Wearable Pulse Transmitter & Display

Introduction: Wearable Pulse Transmitter & Display

This instructable was created in fulfillment of the project requirement of the Makecourse-Art at the University of South Florida (www.makecourse-art.com). It is a Pulse sensor transmitting to a display station. This project was created by both Ricky Strawter and Jean Carlos Olivo

Materials used 5 Volt battery pack

3x solderless breadboards

Pulse Sensor Amped sensor

ebay 433mhz transmitter and receiver modules

3 arduino's (leonardo/uno's)

8x8 LED Matrix

3D printed enclosure

laser cut acrylic enclosure

hot glue gun


The altered Pulse Sensor Amped code for transmission can be seen and found here: https://github.com/JCinUSoF3/RFpulsSensor/tree/ma...

The Receiver and display code can be found here:


Step 1: Transmitter and Receiver Set Up

Assemble the transmitter and receiver modules making sure they are connected correctly to the positive and negative power supplies as well as pins for data both on the module end and on the Arduino end which is set within the code. ( note that modules require VirtualWire library).

Make sure the the transmitter and receiver are sending and receiving data by transmitting a string of text or any characters (note they will need an antenna soldered onto the modules both of which are pretty directional and distance sensitive).

Step 2: Pulse Sensor Setup

Once we have the transmitters working it's time to move on to the actual pulsesensor it's setup is pretty simple and the creators over at http://pulsesensor.com/products/pulse-sensor-amped have a much better getting started write ups and videos on setting up the sensor and having it run in no time.

Step 3: Combining the Pulse Sensor and Transmitter Receiver Modules

Once we are sure that both our transmitter and receiver are working as well as the Pulse sensor reading pulse data to it's respective arduino, we combine the transmitter and the pulse sensor in order to send the information over wirelessly towards the receiver module. The receiver module then takes this information and displays it on the arduino which it is connected to on an LCD display (in order to get the LCD to display the LiquidCrystal_I2C, and the Wire libraries must be downloaded and imported into the receiver's arduino code). Once we have everything assembled we want to check and make sure that the code and circuit are reading the pulse transmitting it, the receiver then receiving the pulse and displaying it on the screen.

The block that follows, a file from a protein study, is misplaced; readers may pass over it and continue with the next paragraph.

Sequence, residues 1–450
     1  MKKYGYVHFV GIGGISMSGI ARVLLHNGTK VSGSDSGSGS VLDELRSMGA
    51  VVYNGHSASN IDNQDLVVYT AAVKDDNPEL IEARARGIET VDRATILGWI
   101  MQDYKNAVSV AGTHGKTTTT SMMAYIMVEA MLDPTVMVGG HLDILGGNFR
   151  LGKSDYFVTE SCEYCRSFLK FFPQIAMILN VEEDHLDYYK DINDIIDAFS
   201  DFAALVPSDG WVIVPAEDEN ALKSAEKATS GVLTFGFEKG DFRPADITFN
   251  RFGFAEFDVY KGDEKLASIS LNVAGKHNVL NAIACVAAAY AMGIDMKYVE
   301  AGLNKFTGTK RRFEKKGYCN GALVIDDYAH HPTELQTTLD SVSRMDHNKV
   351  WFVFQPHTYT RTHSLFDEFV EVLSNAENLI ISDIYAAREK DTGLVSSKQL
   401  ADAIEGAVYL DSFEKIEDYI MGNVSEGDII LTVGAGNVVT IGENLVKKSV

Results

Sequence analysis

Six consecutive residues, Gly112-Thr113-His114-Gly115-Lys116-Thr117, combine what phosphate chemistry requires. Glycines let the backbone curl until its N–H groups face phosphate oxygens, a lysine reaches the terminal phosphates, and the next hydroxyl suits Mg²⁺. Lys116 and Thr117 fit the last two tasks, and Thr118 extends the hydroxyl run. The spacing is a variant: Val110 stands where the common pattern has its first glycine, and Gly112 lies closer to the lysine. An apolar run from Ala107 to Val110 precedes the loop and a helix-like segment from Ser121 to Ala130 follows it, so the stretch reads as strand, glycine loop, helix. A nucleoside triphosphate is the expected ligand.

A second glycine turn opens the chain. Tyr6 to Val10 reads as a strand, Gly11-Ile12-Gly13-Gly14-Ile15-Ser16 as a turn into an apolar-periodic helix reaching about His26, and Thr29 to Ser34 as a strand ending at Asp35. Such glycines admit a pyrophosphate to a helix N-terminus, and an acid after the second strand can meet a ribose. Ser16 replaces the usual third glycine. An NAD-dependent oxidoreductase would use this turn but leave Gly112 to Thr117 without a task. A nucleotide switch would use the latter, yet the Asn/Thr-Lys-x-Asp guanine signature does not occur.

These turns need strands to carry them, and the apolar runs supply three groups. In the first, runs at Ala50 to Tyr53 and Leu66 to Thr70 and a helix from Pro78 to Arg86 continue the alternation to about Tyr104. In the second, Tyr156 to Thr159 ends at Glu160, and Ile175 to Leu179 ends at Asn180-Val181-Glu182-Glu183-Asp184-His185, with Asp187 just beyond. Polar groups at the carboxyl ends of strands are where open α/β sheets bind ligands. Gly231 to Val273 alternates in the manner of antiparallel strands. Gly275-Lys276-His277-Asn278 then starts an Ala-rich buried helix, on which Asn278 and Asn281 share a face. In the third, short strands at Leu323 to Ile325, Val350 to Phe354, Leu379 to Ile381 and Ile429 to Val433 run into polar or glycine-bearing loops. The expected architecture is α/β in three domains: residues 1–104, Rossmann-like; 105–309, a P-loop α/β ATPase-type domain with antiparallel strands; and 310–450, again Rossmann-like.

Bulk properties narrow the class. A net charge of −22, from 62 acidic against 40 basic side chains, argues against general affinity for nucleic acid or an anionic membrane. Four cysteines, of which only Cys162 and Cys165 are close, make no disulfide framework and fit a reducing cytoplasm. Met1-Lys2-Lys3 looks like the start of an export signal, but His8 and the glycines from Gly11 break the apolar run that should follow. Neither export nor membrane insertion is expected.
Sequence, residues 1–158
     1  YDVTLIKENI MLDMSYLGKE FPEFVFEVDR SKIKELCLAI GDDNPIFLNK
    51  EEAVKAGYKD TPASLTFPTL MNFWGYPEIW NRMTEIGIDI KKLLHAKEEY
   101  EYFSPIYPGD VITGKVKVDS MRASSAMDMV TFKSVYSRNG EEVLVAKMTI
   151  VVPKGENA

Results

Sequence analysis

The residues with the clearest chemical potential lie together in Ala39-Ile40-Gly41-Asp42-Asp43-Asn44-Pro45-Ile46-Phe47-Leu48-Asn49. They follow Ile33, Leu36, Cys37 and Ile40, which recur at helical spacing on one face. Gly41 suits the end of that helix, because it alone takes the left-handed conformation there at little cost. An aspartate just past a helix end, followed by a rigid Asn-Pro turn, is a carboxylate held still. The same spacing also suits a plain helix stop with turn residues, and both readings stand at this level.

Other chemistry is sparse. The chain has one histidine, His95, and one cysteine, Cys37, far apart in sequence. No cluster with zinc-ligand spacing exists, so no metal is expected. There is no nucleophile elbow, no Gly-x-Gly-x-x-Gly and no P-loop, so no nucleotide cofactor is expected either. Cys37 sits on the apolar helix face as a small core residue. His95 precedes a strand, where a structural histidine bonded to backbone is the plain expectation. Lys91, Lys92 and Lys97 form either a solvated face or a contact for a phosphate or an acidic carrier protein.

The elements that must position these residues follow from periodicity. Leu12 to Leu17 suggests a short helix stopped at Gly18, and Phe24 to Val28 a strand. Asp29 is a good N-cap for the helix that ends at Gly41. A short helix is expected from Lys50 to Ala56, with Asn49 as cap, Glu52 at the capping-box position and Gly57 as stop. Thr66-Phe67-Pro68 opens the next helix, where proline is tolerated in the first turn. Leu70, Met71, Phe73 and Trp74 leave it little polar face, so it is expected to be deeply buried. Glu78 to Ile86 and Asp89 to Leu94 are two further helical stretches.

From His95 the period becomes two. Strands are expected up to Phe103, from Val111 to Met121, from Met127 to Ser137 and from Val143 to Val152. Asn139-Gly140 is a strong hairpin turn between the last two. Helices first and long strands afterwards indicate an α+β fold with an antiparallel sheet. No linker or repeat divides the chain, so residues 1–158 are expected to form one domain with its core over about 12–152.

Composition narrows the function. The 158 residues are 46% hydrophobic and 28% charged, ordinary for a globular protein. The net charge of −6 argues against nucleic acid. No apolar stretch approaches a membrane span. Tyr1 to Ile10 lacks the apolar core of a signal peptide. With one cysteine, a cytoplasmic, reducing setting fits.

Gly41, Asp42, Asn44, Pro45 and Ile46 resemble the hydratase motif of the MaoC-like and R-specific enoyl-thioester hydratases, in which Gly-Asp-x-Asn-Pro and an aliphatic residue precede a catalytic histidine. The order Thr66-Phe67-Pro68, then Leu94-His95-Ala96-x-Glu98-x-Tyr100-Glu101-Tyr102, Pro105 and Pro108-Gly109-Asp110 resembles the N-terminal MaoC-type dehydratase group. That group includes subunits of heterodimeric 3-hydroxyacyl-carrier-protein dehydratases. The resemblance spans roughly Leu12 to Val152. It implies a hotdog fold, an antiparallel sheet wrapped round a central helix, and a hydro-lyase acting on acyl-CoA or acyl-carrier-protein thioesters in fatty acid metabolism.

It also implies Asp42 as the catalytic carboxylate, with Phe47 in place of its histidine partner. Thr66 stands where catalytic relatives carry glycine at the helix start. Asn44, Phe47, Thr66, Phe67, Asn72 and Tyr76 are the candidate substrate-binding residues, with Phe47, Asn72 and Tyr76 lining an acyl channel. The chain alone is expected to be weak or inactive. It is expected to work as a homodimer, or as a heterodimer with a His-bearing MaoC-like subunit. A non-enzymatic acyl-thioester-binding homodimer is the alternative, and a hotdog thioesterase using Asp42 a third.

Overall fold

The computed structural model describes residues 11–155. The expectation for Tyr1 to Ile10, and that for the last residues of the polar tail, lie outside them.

Step 4: The Circuits Home

Once the Circuit is built and functioning it will need a home. For this we created a 3D printed mounting station for the display and receiving arduino. The design for the receiver mounting station was created in Maya and has both an industrial yet almost chess like design, created using multiple pegs and flared ends. A laser cut enclosure was created out of acrylic for the transmitter housing in order to keep the circuit together while on the wearer's person.

Step 5: Final Product

Once finished one is able to carry the transmitter within reasonably sized pocket and run the wires for the sensor either to the earlobe or to one's fingers. For our project we kept the transmitter in the pocket of a large jacket powered by a 5 V battery pack and made sure the antenna was out and visible by the receivers antenna( using rather haphazard hand sewing). In the end the small modules are rather sensitive and are very directional I have read in comments of other projects using these modules that they are able to achieve better gain and distance with a larger power supply but for the sake of this project and fear of frying either an arduino and or the transmitter we stuck with the arduino's power supply.

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    3 years ago

    This could be helpful for people with heart trouble, not everyone knows how to find a pulse :)